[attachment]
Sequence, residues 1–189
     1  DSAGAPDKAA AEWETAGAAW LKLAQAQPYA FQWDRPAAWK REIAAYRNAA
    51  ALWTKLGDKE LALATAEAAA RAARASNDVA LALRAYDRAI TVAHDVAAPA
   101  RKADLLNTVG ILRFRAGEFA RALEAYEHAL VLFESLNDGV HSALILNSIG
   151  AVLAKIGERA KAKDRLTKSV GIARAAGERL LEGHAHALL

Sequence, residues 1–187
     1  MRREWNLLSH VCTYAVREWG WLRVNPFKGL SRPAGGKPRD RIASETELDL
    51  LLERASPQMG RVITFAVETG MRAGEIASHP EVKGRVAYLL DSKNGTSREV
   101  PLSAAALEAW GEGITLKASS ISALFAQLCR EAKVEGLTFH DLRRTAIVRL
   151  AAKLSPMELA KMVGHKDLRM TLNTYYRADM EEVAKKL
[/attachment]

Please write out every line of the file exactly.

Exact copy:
Sequence, residues 1–189
     1  DSAGAPDKAA AEWETAGAAW LKLAQAQPYA FQWDRPAAWK REIAAYRNAA
    51  ALWTKLGDKE LALATAEAAA RAARASNDVA LALRAYDRAI TVAHDVAAPA
   101  RKADLLNTVG ILRFRAGEFA RALEAYEHAL VLFESLNDGV HSALILNSIG
   151  AVLAKIGERA KAKDRLTKSV GIARAAGERL LEGHAHALL

Sequence, residues 1–187
     1  MRREWNLLSH VCTYAVREWG WLRVNPFKGL SRPAGGKPRD RIASETELDL
    51  LLERASPQMG RVITFAVETG MRAGEIASHP EVKGRVAYLL DSKNGTSREV
   101  PLSAAALEAW GEGITLKASS ISALFAQLCR EAKVEGLTFH DLRRTAIVRL
   151  AAKLSPMELA KMVGHKDLRM TLNTYYRADM EEVAKKL